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Nursing my baby and responding to emails at the same time is a gift that was previously unavailable to most women. The working mom landscape is different than it was in 2003 when Lisa Belkin wrote the New York Times cover story “The Opt-Out Revolution,” focusing on the wave of mothers who were leaving the workplace in an effort to spend more time at home with their children. And I, for one, couldn’t be happier that it is.

For years women had two options: work outside the home or stay at home. The options of part-time at-home work were quite limited. Mommy wars prevailed, and in these battles all mothers lost. No one felt supported, and while working women felt left out of coffee dates and trips to the zoo, the stay-at-home moms feared résumé gaps and the dreaded “What do you do?” question.

Today, thanks to technology and Internet connections, instead of facing this either/or option, women are able to say yes on multiple fronts. We get to choose, but our options are both/and: I choose to both work and stay home with my children, simultaneously. Whether we want to be in-office working moms or part-time work-at-home moms, women have freedom; women have choices.

For many women, like me, who need both the income and the outlet, working part time is a blessed answer. I’m thankful that today loads of mothers are making strides in both the public and the private sectors from the comfort of their own couches. I’m glad I get to be one of them because the work-at-home-mom (otherwise known as WAHM) community is an excellent one. It seems that the tides are turning and the battle cry of the mommy wars are quieting; thanks to a new climate—a new way of leaning in, if you will—we seem to be coming together as a community of women, supporting each other in our choices to raise kids, explore creative endeavors, start businesses, and find ourselves in a whole new way.

Sheryl Sandberg challenges women to think about their careers as jungle gyms instead of ladders: “Ladders are limiting. Jungle gyms offer more creative exploration. There are many ways to get to the top of a jungle gym.” Today, that jungle gym is expansive, and it can be accessed from anywhere. Because of the Internet, both information and resources are more readily available. Additionally, more work-from-home jobs are generated by the development of personal blogs, online shops such as Etsy, and websites such as The Work at Home Woman and PowerToFly. These online opportunities make it possible for more women to opt in, and as more women sit on the floor of their children’s bedroom awash in the light of a laptop while their kids build with Legos, a cultural shift takes place—a shift that I experience every day.

I was recently on a conference call when my 3-month-old began to cry. I rushed to mute myself and my crying daughter, proceeded to change her diaper and quiet her, and then rejoined the conversation. “I’m sorry!” I apologized as I clicked unmute. “You’re leaning in on all fronts, Mama!” my colleague said. “Way to rock it.”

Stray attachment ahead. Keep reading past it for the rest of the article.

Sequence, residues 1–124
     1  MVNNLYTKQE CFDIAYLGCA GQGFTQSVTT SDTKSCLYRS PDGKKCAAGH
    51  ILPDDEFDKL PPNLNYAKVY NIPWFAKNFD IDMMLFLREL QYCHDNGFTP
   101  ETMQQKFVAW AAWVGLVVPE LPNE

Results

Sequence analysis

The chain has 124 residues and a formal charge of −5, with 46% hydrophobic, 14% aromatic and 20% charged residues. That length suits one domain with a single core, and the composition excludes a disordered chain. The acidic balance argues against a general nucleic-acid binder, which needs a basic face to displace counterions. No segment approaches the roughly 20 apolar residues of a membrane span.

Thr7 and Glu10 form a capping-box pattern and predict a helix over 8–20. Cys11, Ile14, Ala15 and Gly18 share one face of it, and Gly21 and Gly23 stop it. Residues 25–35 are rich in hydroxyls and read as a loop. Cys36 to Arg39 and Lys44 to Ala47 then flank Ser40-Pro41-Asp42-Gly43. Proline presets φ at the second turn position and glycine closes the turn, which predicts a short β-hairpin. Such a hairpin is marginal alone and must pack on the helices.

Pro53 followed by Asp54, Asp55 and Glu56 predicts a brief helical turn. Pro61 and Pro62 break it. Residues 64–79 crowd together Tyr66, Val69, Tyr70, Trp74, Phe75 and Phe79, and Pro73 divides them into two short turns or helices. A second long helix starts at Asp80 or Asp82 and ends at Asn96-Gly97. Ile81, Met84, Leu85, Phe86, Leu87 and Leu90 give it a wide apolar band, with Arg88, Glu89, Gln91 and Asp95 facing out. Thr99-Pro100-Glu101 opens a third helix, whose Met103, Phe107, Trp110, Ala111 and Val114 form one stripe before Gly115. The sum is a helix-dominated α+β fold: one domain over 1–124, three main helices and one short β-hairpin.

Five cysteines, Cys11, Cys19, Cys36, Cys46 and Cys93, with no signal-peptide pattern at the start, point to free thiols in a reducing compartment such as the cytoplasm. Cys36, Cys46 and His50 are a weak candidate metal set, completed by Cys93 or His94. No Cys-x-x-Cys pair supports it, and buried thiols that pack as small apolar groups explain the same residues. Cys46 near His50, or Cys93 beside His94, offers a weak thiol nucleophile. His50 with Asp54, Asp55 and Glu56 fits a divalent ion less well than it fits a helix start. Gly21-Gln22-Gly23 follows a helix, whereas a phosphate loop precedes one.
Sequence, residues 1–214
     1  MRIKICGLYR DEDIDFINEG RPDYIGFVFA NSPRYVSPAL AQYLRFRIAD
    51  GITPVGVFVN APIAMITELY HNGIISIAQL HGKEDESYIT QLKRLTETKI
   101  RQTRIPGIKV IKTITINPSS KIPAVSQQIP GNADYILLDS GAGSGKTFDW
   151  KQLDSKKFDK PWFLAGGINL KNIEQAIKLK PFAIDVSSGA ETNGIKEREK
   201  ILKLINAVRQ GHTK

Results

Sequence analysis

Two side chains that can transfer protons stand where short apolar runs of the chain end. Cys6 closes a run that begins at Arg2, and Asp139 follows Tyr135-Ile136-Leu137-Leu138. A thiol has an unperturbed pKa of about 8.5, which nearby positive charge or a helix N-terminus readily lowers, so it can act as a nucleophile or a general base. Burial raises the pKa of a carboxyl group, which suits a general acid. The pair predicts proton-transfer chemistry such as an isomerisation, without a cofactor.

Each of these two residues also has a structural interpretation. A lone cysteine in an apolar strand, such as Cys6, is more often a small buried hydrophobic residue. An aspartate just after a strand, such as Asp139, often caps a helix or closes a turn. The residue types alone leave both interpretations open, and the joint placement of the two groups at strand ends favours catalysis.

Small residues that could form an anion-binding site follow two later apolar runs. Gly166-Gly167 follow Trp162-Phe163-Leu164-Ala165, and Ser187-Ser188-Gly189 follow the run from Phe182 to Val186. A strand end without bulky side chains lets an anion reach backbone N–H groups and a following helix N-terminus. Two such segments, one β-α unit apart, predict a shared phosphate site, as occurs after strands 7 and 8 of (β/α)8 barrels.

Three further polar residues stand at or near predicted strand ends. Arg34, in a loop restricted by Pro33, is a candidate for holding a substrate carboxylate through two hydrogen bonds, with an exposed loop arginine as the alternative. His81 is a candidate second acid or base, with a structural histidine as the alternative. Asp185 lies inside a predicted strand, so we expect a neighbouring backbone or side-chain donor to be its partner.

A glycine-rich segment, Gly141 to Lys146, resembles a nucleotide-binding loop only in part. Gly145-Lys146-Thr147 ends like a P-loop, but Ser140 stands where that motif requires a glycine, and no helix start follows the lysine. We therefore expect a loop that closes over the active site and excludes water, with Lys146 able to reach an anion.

In the moments leading up to this comment, I had felt harried, stressed, and worried that I wouldn’t be perceived as thoughtful or professional because my baby had cried out. But instead, I found support. The other women on my call were, in fact, working from home as well. They understood and knew that I could be both a mom and professional. I could change a diaper and discuss grading norms for the curriculum we were developing. To date, one of my favorite work-related text message exchanges happened with a friend while we were both breast-feeding. We were wildly productive in that “meeting.”

I know that from the outside my life looks a little (a lot?) crazy. So much of the time I feel like I’m playing a game of human Jenga: All of my pieces have to balance just so in order for the tower to stand. Like Jenga, sometimes we fall, and other times we are remarkably sturdy. I’m still learning what it means to find balance. Still, I am well aware that working from home (or my van) is a luxury. I feel so grateful that I can cobble together a series of part-time jobs and opportunities in order to help support my family and still play with Playdough mid-morning on a Monday.

Now that I have three kids, people ask me if I’m going to cut back. Am I going to work less or write less or do less because I have several small children? Any given day you ask me, I might shrug my shoulders and mumble something about student loans and how kids are expensive, but the truth is that the answer is never. I’m never going to lean out on the areas of life that bring me joy.

I am a better mother and a better wife because of my work and my community. I am finding myself, and I am finding others like me. In fact, as much as I’ve experienced a shift in perspective about working and motherhood, I am raising children who see that creating a professional life and raising children are not mutually exclusive. Both my daughters and my son are seeing that it’s possible to flourish on all fronts, and frankly, as a working mom, that seems like the best kind of feminist revolution.

Photo Credit: Erynn Christine Photography